Only at a media bonanza like NYCC is the show floor a destination; a place where many attendees spend their entire convention. Each year it seems to take longer and longer to explore all of it, and to be honest I’m not sure I actually did get to every corner.
But it isn’t just the industry booths and chance to buy merchandise that has grown immense, so has the artist alley. There was an increased awareness of the real live creators just a hallway away last year and finally in 2014 it feels like everyone knows what and where they alley is.
My youngest brother and his significant other went to NYCC this year after hearing about my experience last year. Due to their schedules they only went on Friday. They came in when the convention started and left as it ended and they spent their whole day in two places: The show floor and artist alley. They thought about seeing one or two of the panels in Main Events but a quick look at the whiteboard told them that all the wrist bands for anything they wanted to see were long gone. Despite that they had a great time. Why? Because there is enough to do on just the show floor or artist alley that you could spend a whole day at either and not explore every part of it.
The last few years I have been using Thursday to explore as much of the show floor as I could. The crowds are smaller and there was not that much else to do so it was the best time to hit the show floor and play games or hit booths that would have lines that would eat up a large chunk of your time. This year however there were actually a full slate of panels this year as opposed to the sprinkling of panels you saw in the past. That meant that you had to decide if you were going to explore the show floor when it was only moderately crazy or see the panels on Thursday and then experience the show floor when it is in hyperdrive mode.
As always there are some booths that go all out, but everyone seemed to be slightly more reserved. Despite that we still had things like a giant, moving head of Smaug at the Weta display; Oculus Rift showing off How to Train Your Dragon complete with partial viking ship and fans blowing a breeze off the water; Skylanders’ trailer with a mascot which inexplicably had a person inside; and a Geico bus because . . . I have no idea.
I was impressed by the VIZ booth which had a bright and professional feel. There were many convention exclusives and early releases available. They had a special area just for pre-ordering Sailor Moon on BD. And they were giving away posters and buttons throughout the days. I was able to get the print edition of the All You Need is Kill manga early. With any purchase you also got your choice of four bags so of course I picked the Sailor Moon offering.
I visited the floor each day for various amounts of time. I never felt as if I was suffocating which surprised me in the midst of Saturday and Sunday. This may be in part because there was a marked lack of freebies from booths or at least the giveaways were very concentrated which kept overcrowding to a minimum. I walked away with new buttons, make no mistake, but it was less than I was expecting and I went out of my way to find them. In year’s past, the free stuff practically found me.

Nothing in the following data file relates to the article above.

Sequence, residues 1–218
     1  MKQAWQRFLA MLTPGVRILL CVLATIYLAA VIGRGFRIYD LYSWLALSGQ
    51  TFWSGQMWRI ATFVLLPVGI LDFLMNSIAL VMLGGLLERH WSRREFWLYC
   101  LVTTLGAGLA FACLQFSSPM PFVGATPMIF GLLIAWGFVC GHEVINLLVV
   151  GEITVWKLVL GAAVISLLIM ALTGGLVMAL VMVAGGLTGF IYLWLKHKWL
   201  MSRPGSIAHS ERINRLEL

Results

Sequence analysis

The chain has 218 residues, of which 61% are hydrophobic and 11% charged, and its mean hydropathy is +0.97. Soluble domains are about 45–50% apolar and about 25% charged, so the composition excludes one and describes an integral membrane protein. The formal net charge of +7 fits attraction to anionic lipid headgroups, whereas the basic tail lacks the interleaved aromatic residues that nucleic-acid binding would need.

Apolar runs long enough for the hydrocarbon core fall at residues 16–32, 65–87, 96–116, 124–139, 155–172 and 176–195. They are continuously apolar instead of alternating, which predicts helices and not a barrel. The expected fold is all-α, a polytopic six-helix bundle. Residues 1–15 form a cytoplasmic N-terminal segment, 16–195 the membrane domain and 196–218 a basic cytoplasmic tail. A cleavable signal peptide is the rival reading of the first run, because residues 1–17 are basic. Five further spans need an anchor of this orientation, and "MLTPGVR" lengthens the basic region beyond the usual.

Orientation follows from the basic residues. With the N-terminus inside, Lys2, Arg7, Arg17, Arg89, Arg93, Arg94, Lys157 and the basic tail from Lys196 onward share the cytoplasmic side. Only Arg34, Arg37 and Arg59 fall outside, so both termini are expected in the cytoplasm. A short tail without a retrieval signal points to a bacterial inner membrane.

The show floor was a bit less bombastic this year. The key is less bombastic. It is still bigger, brighter, and noisier than almost any convention I have ever attended other than PAX East but it was not the barley contained riot it was last year. This has its benefits and disadvantages. It was not better or worse. Just different.
The more important question is what does it mean.
For one thing it did mean that getting around the show floor was easier. There were not any of the major choke point booths that always made the show floor a nightmare. The last few NYCCs have had a dance game and some other major video game booth that would always clog traffic around two of the main entrances. The dance game booth was always a sonic barrier as well as a physical one. It pretty much killed any flow of the crowd. That in turn would ripple out to the rest of the floor. This year while there was a dance booth it was smaller and quieter. It was still noticeable but it did not act like the clogged artery it usually becomes. Also most of the video game booths were a little more low-key so while they still got regular traffic they never acted like the Great Wall of China.
The only real choke points I noticed were the anime booths in the back. While you would usually get some slow downs in traffic (especially around the more eye-catching cosplayers wandering around) but there was always major traffic congestion in that area. A mixture of people browsing, anime fans in cosplay, and some bottleneck setups made it harder to get around. But that section is always a bit hard to navigate.
On the downside I do feel like there was just fewer giveaways and general swag. There were a few minor tchotchkes being given out. I got a free bit sized sandwich from the wikia food truck. There were a small amount of sample comics and buttons but not much beyond that. But over all there were less free shirts, inflatable weapons, food samples, lanyards as well as all the other cool giveaways that I can’t remember from last year. I admit that I have never been the greatest at sniffing out free stuff but I know the pickings are slim when Kate comes back with just as little as I did.